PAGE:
Re: Encryption key longer than text to encrypt
 From: "JeanFrançois Michaud" <cometaj@xxxxxxxxxxx>
 Date: 4 Jan 2007 23:51:21 0800
laura fairhead wrote:
On 3 Jan 2007 09:49:14 0800, "=?iso88591?q?JeanFran=E7ois_Michaud?=" <cometaj@xxxxxxxxxxx> wrote:
laura fairhead wrote:
On Wed, 03 Jan 2007 16:44:30 +0000, rossum <rossum48@xxxxxxxxxxxx> wrote:
On 3 Jan 2007 06:41:46 0800, "JeanFran=E7ois Michaud"
<cometaj@xxxxxxxxxxx> wrote:
Since it is easier in practice to use pseudo random data than to
generate random data which is then distributed as appropriate if we
have OTP in mind, would
encrypting messages =E0 la OTP with 'pseudo random data' using a key
greater than the message make any sense to increase security,
No. The reason that an OTP is provably secure is that the keystream
is truly random. As soon as you substitute a pseudorandom keystream
the security proof fails. You no longer have an OTP, you have a
stream cypher instead.
Hi,
Hello Laura,
I always wonder about this "provably secure". I don't remember seeing
a convincing proof of security for OTP, does anyone have any references?
I believe you're looking for Shannon's proof of security. There's some
information here about it.
http://en.wikipedia.org/wiki/Onetime_pad
Hi,
Thankyou, I found a copy of his 1949 work and busy reading.
Glad it helped a bit ;).
For example, a true random number generator could on one particular run
generate a sequence entirely of zeros. Examining the data would then
reveal the original cleartext. Yes it's extremely unlikely to happen
in practise I know (in practise it's probably much more unlikely to happen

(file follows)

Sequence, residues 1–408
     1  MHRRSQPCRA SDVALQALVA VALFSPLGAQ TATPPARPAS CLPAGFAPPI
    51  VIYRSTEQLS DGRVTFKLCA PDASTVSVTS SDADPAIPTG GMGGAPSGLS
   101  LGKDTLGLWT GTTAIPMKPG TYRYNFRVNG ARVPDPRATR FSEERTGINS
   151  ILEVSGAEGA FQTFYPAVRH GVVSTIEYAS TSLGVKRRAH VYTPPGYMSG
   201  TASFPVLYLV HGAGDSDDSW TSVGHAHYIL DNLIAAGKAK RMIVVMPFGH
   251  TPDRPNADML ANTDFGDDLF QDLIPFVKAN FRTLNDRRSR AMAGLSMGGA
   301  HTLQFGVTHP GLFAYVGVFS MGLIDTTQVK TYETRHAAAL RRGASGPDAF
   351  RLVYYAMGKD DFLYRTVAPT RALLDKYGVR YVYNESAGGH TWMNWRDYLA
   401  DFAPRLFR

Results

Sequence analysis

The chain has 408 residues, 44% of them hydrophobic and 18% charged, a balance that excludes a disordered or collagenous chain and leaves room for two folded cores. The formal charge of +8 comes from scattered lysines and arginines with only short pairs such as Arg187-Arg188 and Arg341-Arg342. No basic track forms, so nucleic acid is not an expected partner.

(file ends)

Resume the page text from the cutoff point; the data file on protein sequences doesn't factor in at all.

than it should even in theory). But it's because of the chance of that
and then a whole series of progressively weaker cases that I would be
inclined to think OTP really isn't 100% secure ...
It's an interresting angle, but the idea behind true random generation
is that given a keyspace, each key has an equal probability of being
generated and as thus, attacks based on trying to find patterns between
captured ciphers is impossible. Even a stream of all 0s would, in such
a context, yield a strong encryption since one can't expect for an all
0 stream key to have a stronger probability of being generated than a
key of all 1s. There's a non zero probability that any plaintext will
look like any other plaintext of similar size given a proper key.
Yes this is true, it wouldn't work by itself because "you don't know"....
Right. Basically, the idea only works because all keys are
equiprobable. If attackers could expect a key of all 0s to surface more
often than not, then there would be a stronger probability that
encrypted text looking like a message would be the actual plaintext
message encrypted with an all 0s key, but since all keys are
equiprobable, any plaintext message that you can think of can actually
accidentally get encrypted to any other possible message of the same
lenght if the key is "just right". This is why an attacker can't
assume, if it so happens to "look" like plaintext, that what he's
reading is the right message and that the key is all 0's any more than